Seeing the degree as a product would probably wear away the relationships between students and academics. As I’ve written before, a customer relationship just isn’t workable in higher education; at least, not for people who want to experience it properly. Academics and students need to talk to each other, and listen to each other, in ways which don’t fit with a customer relationship. In fact, a student who presents themselves as a member of an institution has much greater power than one who presents themselves as a customer. They can argue for what they want based on the shared principles of the institution, or the ideas expressed in the courses. They can claim the right to a hearing based on our shared commitment to intellectual enquiry, and the responsibility we have to each other as members of the same collective endeavour. A consumer is just an individual amongst thousands of other individuals, with no better argument to put forward than a threat to withdraw from the customer relationship, leaving the space empty which they competed to gain.
They are less likely to be able to engage in productive relationships with staff on this basis. If only because seeing themselves as a consumer would surely reduce their ability to listen to advice, and act effectively on it. Consumers are the only authority on what they want and how they want to do it: if a degree is a consumer product, then the consumer just consults their personal preference and acts on that basis. A student with a different attitude would benefit from the advice of a lecturer or tutor, who might advise them that their preferences at the moment might not be the best guide to their ongoing learning. The student might, in turn, be able to offer their own experiences to inform the design of the curriculum, and to highlight issues which the faculty hadn’t considered. This sort of mutual help would seem less possible for consumers.
So I’m not surprised that students with a “consumer mindset” achieve less satisfactory grades. I don’t think anyone who works in higher education would be remotely surprised by this evidence. But it does underline something which a lot of us have been saying in recent years: a consumer mindset is bad for the students themselves. It appears to hinder students from engaging fully and productively with their studies. It even seems that it would prevent consumer-minded students from getting what they want: high marks, whether accompanied by an education or not.
I wonder if the research would have shown a difference across faculties?
I’ve done two degrees; one in science and one in theology. I would say the science students had a much more “consumer” mentality. But not because of the subject matter.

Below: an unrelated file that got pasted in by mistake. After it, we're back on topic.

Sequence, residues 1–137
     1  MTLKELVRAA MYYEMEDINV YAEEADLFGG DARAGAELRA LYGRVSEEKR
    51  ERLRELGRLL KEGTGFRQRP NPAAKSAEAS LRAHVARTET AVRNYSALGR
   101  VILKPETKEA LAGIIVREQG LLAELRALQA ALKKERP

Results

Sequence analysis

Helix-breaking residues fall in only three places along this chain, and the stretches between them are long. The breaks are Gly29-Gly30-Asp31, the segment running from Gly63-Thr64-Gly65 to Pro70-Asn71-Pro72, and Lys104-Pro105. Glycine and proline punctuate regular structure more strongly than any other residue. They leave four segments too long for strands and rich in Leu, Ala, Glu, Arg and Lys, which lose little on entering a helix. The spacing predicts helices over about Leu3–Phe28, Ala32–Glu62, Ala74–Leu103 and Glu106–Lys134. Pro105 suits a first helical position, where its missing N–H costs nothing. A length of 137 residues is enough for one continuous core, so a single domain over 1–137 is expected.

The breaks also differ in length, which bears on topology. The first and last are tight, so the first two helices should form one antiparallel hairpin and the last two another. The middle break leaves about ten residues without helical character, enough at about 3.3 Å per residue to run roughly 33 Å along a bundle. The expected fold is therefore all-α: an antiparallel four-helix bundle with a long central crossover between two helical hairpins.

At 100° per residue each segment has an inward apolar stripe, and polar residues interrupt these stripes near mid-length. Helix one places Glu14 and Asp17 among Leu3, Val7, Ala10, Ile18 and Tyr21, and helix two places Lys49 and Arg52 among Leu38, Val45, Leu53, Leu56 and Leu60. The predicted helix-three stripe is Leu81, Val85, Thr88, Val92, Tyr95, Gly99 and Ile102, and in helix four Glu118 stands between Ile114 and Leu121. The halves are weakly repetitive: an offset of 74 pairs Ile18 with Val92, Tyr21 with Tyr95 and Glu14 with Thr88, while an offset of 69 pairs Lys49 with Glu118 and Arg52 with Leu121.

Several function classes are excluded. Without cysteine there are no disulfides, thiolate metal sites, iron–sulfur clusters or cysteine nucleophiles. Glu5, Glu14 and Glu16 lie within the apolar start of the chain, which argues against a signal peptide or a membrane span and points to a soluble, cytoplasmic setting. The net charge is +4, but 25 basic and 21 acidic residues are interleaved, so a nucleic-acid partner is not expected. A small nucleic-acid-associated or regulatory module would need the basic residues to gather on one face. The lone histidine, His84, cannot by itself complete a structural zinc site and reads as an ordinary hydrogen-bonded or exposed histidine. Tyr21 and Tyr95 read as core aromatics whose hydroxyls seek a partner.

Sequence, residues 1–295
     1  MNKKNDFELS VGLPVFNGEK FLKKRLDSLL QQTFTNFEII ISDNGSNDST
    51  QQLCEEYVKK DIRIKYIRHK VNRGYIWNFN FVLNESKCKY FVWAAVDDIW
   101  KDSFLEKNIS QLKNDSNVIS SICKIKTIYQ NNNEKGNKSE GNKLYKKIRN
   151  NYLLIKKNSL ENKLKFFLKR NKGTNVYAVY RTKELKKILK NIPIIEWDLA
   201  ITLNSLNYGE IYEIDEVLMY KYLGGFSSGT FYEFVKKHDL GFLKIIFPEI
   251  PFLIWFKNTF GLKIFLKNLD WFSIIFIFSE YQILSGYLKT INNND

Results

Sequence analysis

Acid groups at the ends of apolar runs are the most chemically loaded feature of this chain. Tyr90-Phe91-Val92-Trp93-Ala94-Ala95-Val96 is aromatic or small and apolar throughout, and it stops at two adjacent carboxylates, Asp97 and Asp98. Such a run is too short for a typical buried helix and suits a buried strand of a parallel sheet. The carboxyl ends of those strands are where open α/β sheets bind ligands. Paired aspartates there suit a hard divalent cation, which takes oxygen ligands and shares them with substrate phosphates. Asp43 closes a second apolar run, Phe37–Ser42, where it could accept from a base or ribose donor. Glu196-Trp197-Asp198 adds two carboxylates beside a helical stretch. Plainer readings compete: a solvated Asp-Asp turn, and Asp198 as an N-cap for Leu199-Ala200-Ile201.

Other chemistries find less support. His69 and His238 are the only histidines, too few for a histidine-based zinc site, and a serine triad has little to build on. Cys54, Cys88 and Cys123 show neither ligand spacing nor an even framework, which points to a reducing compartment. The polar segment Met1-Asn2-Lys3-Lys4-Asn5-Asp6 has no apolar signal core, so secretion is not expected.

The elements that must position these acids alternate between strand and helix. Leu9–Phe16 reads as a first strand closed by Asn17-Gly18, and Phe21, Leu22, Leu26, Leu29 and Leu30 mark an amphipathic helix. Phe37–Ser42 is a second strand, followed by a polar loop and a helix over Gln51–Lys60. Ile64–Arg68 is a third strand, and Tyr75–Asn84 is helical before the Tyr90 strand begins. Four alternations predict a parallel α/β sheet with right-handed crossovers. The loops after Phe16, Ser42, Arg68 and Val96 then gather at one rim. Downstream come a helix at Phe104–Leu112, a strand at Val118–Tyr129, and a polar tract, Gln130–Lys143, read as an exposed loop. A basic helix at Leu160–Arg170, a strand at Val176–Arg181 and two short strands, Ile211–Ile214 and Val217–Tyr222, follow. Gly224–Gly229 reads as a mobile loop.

In science we had lecture theatres with more than a hundred people packed in; in theology, thirty people was a big class. The relationships which you highlight as important were possible in theology in a way which they just were not, for most students, in science.
So I wonder whether other factors – the way universities govern the number of places available in a course, time tables, those sorts of things – can also affect student attitudes and outcomes.
Absolutely – I think disciplines have very different cultures (to use a slightly catch-all word.) In our department we have everything from lectures of four hundred people to group tutorials of six or seven, which fosters a different kind of relationship to those where you only ever have big group teaching. I wonder if that always translates into a consumer attitude, though – just from anecdotes from other departments, like Engineering or Business, courses with large group teaching sound as if they can often be more competitive and be much stricter about students’ ways of working than some Arts and Humanities. They may have an instrumental view of education, but that doesn’t always seem to produce student attitudes that the modules should be tailored to them without them having to work on things they find uninteresting (quite the reverse, if a significant proportion of the student body will fail the first set of exams.)
I suppose part of the challenge is fostering good relationships and helpful attitudes in situations where students and staff don’t necessarily have strong personal relationships. A sort of collegial culture where it seems reasonable to speak to a member of staff about your subject without knowing them personally, if that makes sense, where it is assumed that students’ views will be of interest, and staff will have useful things to say in return. (And of genuine interest, not as expressions of consumer choice.)